More importantly, skillful management makes a big difference to market perceptions after a negative event. A 2018 global study by London-based Pentland Analytics, Reputation Risk in the Cyber Age, analyzed share-price fluctuations of 125 companies during the calendar year following a reputational crisis and found that companies recover from share-price losses after a crisis far faster when senior management communicates with stakeholders swiftly and globally, and when the company launches an active program of social responsibility that directly addresses the damage associated with the crisis event.

In fact, highly responsive companies gained an average 20% in market value in the 252 trading days after their reputation crisis, while less proactive companies lost an average 30%. And the difference between the two groups has widened dramatically since 2000, when the “winner” portfolio gained only 10% on average in the year after a crisis.

The Pentland study compared UK telecommunications firm TalkTalk with US home-improvement retailer Home Depot after they were hacked. TalkTalk lost $1.4 billion in market cap—a third of its value—in the year after it was attacked, while the FTSE 100 rose around 10%; Home Depot gained $30 billion (25%), significantly outperforming the S&P 500 in the 12 months following its data breach. Deborah Pretty, the study’s author, contrasts tardy and unclear communications from TalkTalk’s CEO with the “immediate and unwavering” response by the Home Depot chairman—even though he was weeks from retirement when disaster struck.

Pretty’s metrics for calculating the “reputation premium”—a firm’s value after subtracting all tangible assets as well as the intangible of brand value as calculated by Interbrand—include “innovative abilities, global reach and relationships, intellectual property, employee talent and skills, and distribution networks.”

Little wonder that reputation is on corporate executives’ radar. In Aon’s 2019 Global Risk Management survey, which canvassed 2,672 risk decision-makers in 60 countries and from 33 industries, respondents overall named “damage to reputation/brand” the No. 2 risk to their business, second only to “economic slowdown/slow recovery.” That was not a fluke. Jason Disborough, CEO of Multinational Accounts at AON, explains that reputation risk has appeared in the top 10 most-cited risks in every survey since 2001, when it first launched, and has never fallen below sixth place.

Notably, however, survey respondents typically misjudge the severity of reputation risk when asked to look three years ahead. “It is always predicted lower than it comes in,” Disborough says, and the Aon survey analysis concludes that “this exposure is underestimated.”

Corporate leaders who remain complacent about reputation may change their minds as investors win more cases arguing that reputation is a “mission critical” asset. Nir Kossovsky, CEO of Pittsburgh-based Steel City Re, a provider of reputation risk-management services and insurance, cites a growing number of legal decisions holding the board of directors accountable for financial losses related to reputation. For example, Texas ice cream maker Blue Bell Creameries in April paid $60 million to settle a derivative shareholder suit related to a deadly 2015 listeria contamination. Blue Bell’s revenues fell, its stock tanked, and Delaware’s Supreme Court agreed with investors that since product safety is essential to the company’s business, the board’s duty extends to safety oversight.

“As more and more firms are financed on the basis of intangible assets, and as reputation assets—security, safety, quality, innovation—increasingly drive firms’ value, it’s being alleged that if the board doesn’t oversee these things, it’s not doing its job,” says Kossovsky. In another instance, the Delaware Chancery Court last year agreed that investors could sue Clovis Oncology, of Boulder, Colorado, for botching clinical trials of a drug in development and issuing misleading communications. Since innovation is mission-critical for a drug company, Kossovsky asks, “if directors aren’t overseeing clinical trials, what are they doing?”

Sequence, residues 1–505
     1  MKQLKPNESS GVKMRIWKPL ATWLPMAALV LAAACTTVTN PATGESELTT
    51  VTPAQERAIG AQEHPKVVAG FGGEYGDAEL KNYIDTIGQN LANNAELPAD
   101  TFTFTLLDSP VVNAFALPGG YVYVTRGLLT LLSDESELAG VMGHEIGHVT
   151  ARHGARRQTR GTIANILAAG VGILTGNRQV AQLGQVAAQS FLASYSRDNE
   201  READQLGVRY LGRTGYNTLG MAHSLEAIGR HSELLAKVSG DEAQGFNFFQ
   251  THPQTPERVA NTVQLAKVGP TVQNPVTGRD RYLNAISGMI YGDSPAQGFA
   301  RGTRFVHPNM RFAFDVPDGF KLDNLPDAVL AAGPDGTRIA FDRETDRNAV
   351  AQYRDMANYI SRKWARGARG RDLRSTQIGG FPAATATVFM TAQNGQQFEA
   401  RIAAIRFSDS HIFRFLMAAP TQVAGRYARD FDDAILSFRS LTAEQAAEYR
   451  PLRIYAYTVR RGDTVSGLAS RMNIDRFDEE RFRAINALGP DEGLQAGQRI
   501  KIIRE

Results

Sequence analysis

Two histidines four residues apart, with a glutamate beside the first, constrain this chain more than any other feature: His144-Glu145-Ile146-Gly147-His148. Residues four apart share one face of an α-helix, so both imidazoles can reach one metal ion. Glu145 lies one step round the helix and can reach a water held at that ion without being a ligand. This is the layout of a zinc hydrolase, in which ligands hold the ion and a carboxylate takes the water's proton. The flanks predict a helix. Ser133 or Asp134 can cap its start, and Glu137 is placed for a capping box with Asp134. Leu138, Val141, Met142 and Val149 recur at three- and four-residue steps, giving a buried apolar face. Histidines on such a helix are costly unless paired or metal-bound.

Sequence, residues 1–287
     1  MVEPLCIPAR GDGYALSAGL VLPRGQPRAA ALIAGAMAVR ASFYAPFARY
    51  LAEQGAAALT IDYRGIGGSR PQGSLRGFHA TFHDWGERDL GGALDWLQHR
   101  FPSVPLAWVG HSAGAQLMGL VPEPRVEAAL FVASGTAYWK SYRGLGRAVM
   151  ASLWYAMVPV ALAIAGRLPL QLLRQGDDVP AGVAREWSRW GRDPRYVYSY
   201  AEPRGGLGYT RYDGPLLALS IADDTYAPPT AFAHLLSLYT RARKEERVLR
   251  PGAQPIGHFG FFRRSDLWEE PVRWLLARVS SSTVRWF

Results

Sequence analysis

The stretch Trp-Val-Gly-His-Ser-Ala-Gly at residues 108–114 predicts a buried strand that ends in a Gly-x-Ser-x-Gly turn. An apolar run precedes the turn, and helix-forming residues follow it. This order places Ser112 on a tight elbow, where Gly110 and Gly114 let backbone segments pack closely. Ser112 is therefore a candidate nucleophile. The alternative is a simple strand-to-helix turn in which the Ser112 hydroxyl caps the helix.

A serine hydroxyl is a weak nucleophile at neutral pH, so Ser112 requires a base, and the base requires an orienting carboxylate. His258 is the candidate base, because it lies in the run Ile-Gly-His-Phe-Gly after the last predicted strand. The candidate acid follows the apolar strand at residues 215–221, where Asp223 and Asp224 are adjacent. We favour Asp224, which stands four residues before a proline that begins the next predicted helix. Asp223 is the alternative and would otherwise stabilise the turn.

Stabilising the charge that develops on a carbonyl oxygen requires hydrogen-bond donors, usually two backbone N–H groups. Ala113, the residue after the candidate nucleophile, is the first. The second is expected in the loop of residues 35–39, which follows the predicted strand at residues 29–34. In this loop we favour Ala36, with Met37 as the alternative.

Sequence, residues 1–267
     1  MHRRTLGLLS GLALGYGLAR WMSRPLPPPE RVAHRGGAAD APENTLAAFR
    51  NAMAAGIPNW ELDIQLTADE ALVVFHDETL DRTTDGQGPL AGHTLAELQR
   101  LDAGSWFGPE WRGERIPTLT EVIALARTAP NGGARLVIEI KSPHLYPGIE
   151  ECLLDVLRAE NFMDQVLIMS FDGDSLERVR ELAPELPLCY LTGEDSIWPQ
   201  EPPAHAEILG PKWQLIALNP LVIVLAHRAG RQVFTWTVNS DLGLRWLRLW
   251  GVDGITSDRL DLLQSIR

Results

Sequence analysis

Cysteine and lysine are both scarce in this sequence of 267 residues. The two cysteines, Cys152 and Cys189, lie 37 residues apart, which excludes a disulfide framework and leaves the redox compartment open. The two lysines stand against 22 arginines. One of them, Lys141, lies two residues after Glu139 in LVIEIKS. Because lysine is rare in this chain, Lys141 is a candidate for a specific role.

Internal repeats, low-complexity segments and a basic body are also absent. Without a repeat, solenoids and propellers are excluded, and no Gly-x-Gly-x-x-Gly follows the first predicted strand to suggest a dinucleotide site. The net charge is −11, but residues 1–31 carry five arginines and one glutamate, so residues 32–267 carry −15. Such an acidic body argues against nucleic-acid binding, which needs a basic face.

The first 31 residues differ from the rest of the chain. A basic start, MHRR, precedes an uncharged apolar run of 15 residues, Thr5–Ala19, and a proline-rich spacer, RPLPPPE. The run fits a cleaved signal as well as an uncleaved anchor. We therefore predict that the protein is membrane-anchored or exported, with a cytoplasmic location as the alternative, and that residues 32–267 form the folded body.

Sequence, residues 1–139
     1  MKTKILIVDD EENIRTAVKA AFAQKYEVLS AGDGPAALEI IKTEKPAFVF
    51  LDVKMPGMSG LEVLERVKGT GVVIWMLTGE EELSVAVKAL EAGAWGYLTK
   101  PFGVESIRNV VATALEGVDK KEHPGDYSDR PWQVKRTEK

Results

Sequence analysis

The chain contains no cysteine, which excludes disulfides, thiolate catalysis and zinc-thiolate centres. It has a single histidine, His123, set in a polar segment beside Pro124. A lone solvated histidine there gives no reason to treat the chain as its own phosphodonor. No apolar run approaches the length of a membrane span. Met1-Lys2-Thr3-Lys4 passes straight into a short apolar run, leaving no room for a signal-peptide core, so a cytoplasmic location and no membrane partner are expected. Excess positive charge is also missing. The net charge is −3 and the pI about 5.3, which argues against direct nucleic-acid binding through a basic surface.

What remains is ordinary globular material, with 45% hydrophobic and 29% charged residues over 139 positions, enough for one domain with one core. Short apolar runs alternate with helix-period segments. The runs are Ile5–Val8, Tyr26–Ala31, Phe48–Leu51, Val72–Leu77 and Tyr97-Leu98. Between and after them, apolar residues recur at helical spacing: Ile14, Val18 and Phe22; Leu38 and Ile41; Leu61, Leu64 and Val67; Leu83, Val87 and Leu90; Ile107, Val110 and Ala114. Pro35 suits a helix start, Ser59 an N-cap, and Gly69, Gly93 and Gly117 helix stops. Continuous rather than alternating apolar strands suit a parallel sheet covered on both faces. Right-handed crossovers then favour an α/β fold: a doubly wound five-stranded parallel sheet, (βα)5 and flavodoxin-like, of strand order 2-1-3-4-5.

The cases capture how reputation risk has migrated from a publicity or marketing issue to a hard-core financial risk. “Only relatively recently has reputation risk joined the kind of risks that risk professionals, directors and officers already understand: angry shareholders, regulatory fines and litigation,” says Kossovsky. “This isn’t sticks and stones. It’s heavy artillery.”

Walking the Walk

Many experts recommend transparency and proactive communication as the first line of defense. A study by FTI Consulting published in July concluded that companies with visible, vocal CEOs proved more resilient as the Covid crisis unfolded. Researchers isolated the 100 best-performing stocks across the S&P 500, FTSE 250 and Euro Stoxx indices from January 2015 to December 2019. They then analyzed the 100 CEOs’ communication styles—for example, how often they reached out to stakeholders about topics other than financial performance, and whether they had a strong social media presence. Finally, the study examined the companies’ share performance from early March to early May 2020.

They estimated that communicative CEOs protected $260 billion in shareholder value, with stock prices outperforming industry peers by 3.75% during the pandemic’s first critical phase.

These CEOs “understand their role is to instill confidence, not just with shareholders but everyone they and their company touch, by speaking up at the right moment on topics that are relevant,” says FTI managing director Lauren Burge, who heads the firm’s Corporate Reputation practice in Brussels.

Burge offers the example of Adidas CEO Kasper Rørsted, facing worldwide store closings during lockdowns plus an internal revolution over alleged racism that led his human resources chief to resign in June. “Rorsted has engaged both investor and retail media consistently during these high-pressure moments to not only acknowledge the issues, but offer a perspective around the company’s actions moving forward,” Burge notes.

But it’s more than clever messaging. Vitters of Deloitte says a proactive approach embeds reputation awareness throughout the corporate culture. “For every category of risk, you ask, ‘What would be the reputational effects of a crisis in this area?’” she says. “Instead of a list of disparate risks, you’ll get a matrix showing the overall reputational impact to the firm of potential adverse events.”

Vitters agrees that ultimately, reputation risk management can’t rest with one executive or organizational function. It’s best practice, she says, to have a chief risk officer who takes a bird’s eye view of risk throughout the enterprise; but when it comes to reputation, “you have to assign accountability to each executive and each employee, to be thinking about reputation risk all day long, with every action that they take.”